More and more companies are selling 3-D printers within the price range of consumers. Most machines several years ago cost tens of thousands and were sold primarily to architects and engineers. Cheaper commercial self-assembly kits now go for about $1,100.

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University of Washington professor Mark Ganter sees the future, and it’s printing apple pies.

And maybe vital organs, furniture and buildings.

Ganter experiments with using alternative materials to print three-dimensional objects, part of growing efforts to make 3-D printing more diverse and accessible to consumers.

The machines print layers of material to produce the models. Some printers add layers of powder and liquid binder, while others melt layer upon layer of plastic.

At the UW’s Solheim Rapid Prototyping/Rapid Manufacturing Lab, which Ganter codirects, he’s constantly asking students: “What did you make?”

The results have included, among other things, pineapples made out of mango iced-tea mix and miniature plaster replicas of Easter Island’s colossal Moai statues,

Ganter estimates his team of “printistas,” the term he’s coined for professional 3-D printers, has worked with almost 50 different materials. He jokes that he’ll stop when he’s tried 1,000, and has talked about experimenting with mashed potatoes.

Ganter’s lab is not alone in the changing landscape of 3-D printing.

More and more companies are selling 3-D printers within the price range of consumers. Most machines several years ago cost tens of thousands and were sold primarily to architects and engineers. Cheaper commercial self-assembly kits now go for about $1,100.

“As the bottom end blows up, there are many more households than there are industries,” Ganter said about companies beginning to cater to home users.

2Bot, a Redmond-based startup, is interested in the bottom end of the 3-D printing market, though others in the industry prefer to classify machines such as 2Bot’s in the more general category of rapid prototyping devices.

The company advertises to classrooms as a machine that’s cost effective for students to use.

Founder and CEO Paul Nye compares the current 3-D printing industry to the early PC market.

“Out of 50 or so players, all of the sudden a few popped up,” Nye said. “I see us as being one of those companies to pop up.”

Its ModelMaker uses subtractive technology, removing material to sculpt the models, unlike traditional 3-D printers, which combine layers of material to create the final product.

The device sculpts foam, among other materials, many of which make the cost of printed models less than those produced by other machines.

“We’re kind of breaking the rules in this space, so it’s hard to describe what we are,” Nye said. “It’s just a very different class of machine.”

Back at the Solheim lab, Ganter describes the price comparison between the machines and materials for 3-D printing as that of razors and razor blades; the cost of printing materials sold by the manufacturers can quickly exceed the cost of the machines.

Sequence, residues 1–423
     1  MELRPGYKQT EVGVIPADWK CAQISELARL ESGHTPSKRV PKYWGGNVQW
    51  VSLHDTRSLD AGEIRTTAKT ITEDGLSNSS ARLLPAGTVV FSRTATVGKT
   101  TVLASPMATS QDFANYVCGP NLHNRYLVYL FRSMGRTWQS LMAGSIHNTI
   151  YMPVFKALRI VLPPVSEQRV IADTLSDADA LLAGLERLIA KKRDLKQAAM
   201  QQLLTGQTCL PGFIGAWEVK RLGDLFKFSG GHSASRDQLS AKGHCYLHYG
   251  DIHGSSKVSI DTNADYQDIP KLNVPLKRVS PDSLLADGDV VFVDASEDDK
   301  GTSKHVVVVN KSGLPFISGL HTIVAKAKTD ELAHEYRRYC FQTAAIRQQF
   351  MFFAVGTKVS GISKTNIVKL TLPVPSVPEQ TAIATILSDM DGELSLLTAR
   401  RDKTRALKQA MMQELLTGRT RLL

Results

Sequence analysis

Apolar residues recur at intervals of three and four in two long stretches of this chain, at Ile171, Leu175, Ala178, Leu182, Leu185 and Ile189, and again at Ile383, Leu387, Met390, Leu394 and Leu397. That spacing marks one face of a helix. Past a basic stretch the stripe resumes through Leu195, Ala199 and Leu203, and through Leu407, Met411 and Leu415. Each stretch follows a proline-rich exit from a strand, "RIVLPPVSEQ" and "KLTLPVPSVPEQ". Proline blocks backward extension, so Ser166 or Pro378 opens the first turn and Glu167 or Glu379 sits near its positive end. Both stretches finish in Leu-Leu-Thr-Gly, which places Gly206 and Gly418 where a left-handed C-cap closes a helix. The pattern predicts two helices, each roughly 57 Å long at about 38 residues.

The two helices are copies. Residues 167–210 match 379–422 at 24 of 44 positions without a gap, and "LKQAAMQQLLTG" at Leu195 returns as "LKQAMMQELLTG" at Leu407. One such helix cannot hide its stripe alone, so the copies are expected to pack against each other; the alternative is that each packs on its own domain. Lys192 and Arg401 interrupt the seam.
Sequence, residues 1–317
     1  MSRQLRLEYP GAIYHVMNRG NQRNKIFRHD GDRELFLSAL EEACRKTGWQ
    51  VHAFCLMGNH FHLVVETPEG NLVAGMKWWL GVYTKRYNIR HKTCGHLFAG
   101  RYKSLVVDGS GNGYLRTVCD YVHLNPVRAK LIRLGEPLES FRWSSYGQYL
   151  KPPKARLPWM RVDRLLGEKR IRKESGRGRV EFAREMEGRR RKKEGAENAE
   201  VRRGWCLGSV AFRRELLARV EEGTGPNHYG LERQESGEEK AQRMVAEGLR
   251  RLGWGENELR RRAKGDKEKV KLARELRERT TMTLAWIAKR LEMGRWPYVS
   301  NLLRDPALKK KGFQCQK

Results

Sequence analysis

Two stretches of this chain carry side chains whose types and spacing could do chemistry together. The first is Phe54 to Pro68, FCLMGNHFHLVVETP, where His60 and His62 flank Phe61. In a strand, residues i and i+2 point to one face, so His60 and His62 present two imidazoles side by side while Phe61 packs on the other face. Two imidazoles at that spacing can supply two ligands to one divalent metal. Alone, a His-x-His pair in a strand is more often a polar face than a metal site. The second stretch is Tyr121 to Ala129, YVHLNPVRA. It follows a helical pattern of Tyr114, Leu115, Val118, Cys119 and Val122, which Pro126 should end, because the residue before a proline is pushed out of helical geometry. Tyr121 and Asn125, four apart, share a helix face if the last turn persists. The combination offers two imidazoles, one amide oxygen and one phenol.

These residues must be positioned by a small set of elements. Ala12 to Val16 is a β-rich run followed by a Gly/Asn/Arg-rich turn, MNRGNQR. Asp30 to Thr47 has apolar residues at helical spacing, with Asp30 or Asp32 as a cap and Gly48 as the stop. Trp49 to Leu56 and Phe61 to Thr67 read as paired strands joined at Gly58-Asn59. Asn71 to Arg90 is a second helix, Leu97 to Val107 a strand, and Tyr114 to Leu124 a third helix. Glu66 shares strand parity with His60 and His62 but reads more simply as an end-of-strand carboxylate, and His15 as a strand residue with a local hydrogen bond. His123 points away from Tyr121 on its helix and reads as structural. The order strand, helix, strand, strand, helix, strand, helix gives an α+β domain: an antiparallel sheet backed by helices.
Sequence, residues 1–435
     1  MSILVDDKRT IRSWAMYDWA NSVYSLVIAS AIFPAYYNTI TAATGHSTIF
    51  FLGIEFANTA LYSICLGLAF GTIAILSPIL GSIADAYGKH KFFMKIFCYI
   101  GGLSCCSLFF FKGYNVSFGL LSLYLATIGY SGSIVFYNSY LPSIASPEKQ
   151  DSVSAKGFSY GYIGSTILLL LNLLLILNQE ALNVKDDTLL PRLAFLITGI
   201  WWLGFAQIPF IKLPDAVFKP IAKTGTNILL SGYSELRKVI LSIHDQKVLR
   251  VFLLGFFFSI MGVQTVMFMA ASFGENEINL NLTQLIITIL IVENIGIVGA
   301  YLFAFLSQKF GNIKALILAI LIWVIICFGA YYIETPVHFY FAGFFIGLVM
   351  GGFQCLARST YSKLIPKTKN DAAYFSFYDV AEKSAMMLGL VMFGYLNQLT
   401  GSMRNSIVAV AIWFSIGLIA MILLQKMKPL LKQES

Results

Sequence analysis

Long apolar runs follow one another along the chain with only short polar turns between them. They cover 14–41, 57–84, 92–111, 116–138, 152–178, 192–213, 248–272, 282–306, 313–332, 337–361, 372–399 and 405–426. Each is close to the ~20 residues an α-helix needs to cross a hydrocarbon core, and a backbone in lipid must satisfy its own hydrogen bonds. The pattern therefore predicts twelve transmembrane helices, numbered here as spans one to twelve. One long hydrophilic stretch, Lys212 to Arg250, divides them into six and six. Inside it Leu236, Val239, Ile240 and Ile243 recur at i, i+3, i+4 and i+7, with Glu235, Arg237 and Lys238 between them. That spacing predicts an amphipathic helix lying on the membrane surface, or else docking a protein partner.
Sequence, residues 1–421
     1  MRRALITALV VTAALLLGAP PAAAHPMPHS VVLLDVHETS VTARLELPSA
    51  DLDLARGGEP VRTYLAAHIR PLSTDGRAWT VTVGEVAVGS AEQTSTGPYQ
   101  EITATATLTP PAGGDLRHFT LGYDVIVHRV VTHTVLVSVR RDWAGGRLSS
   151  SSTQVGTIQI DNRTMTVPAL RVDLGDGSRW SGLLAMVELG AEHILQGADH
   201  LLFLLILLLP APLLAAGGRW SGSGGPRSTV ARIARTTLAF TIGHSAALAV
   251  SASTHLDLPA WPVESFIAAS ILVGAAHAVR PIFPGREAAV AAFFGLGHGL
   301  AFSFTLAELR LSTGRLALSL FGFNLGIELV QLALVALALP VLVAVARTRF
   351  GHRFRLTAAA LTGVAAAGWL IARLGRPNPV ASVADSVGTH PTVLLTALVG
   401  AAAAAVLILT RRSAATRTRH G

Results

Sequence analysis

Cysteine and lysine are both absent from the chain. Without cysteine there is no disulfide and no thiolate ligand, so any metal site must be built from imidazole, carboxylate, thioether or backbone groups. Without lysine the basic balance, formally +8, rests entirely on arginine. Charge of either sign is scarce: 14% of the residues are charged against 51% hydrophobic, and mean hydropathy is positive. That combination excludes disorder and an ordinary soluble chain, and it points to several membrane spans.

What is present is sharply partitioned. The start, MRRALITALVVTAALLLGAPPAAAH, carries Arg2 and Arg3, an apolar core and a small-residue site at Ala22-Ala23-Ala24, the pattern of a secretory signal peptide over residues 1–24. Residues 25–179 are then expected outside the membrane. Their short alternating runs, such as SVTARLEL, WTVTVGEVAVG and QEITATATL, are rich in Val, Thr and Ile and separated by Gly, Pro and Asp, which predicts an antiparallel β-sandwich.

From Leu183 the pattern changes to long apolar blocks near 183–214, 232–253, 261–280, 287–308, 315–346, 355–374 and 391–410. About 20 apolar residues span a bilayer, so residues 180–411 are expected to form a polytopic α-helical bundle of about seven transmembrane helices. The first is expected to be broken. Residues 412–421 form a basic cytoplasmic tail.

Commercial printing plastic can cost more than $100 per pound, and printing powder can cost about $30 per pound, not including the cost of the binder.

“We have the capability to push the boundaries of materials in 3-D printing, and we’re going to keep doing that if we can,” Ganter said. “I think we’re just starting.”

He predicts that the technology may become as prevalent as desktop inkjet printers, but it’s not anyone who can pour powdered glass into one of these machines to make a model; Ganter’s lab goes through multiple recipes for each material before being able to print a solid final product.

Because of the skill required to operate some of these machines, Ganter says he could also see a future for 3-D print shops.

Metrix Create:Space in Capitol Hill is heading in this direction; the business operates as a coffee shop for the design and tech communities. Customers include robotics hobbyists, professionals looking for affordable models, jewelry makers and engineers, to name a few.

The space provides a communal work area with tools and craft supplies, including 3-D printers.

The big attraction is Metrix’s laser cutter, but owner Matt Westervelt said he’s seen an uptake in the use of his 3-D printers over the past year. He began with machines that print plastic and added a powder printer to his collection in January.

“You bring us a file, we’ll give you a thing,” Westervelt said.

He said clients sometimes ask for help to operate the machines themselves, while others ask the business to do the printing.

“We’ve done stuff that people have sketched on napkins,” he laughed.

Thursday nights, clients bring in their own, self-assembled 3-D printers to Metrix to fine-tune the machines and work on printing projects together. Robot parts, figures designed for video games and a topographical relief map of Washington state have all been printed at Metrix.

Ganter is a regular at the space.

Westervelt says 3-D printing is expanding beyond this niche community. His shop makes and sells the parts needed to build more 3-D printers for $50 per set — a cloning project of sorts. They produce the parts using other 3-D printers.

“It’s coming,” Westervelt said. “It’s going to be a mainstream thing.”

Alexis Krell: 206-464-3263 or